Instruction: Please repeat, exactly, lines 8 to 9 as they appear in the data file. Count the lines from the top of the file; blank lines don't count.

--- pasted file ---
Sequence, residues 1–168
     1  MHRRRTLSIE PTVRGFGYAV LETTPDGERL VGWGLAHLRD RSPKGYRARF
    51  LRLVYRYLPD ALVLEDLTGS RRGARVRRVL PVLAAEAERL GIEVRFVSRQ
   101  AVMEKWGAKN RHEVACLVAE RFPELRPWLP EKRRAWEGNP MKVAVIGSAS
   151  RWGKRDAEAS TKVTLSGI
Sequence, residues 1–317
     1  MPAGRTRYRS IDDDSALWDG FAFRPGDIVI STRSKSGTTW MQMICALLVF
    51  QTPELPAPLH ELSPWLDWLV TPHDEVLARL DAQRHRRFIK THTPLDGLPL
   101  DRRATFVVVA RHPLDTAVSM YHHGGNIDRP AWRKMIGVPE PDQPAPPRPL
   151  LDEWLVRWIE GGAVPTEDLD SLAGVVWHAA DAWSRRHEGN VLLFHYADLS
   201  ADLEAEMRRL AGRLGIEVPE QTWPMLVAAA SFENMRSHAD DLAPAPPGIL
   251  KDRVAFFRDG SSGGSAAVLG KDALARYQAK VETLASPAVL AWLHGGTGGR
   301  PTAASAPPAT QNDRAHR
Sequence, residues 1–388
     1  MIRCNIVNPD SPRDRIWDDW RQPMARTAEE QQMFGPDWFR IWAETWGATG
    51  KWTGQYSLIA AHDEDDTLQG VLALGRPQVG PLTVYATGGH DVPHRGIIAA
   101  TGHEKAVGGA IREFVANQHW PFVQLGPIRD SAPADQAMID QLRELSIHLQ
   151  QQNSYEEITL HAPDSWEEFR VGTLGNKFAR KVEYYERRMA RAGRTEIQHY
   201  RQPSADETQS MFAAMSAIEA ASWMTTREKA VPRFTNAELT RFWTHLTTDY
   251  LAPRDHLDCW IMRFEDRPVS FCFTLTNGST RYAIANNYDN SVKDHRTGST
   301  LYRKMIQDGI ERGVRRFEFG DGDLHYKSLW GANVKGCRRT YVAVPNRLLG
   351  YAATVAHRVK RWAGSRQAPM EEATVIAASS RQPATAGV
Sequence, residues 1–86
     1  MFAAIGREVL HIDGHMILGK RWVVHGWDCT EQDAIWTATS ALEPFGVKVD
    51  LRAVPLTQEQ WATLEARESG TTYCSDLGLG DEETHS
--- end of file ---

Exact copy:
    51  QTPELPAPLH ELSPWLDWLV TPHDEVLARL DAQRHRRFIK THTPLDGLPL
   101  DRRATFVVVA RHPLDTAVSM YHHGGNIDRP AWRKMIGVPE PDQPAPPRPL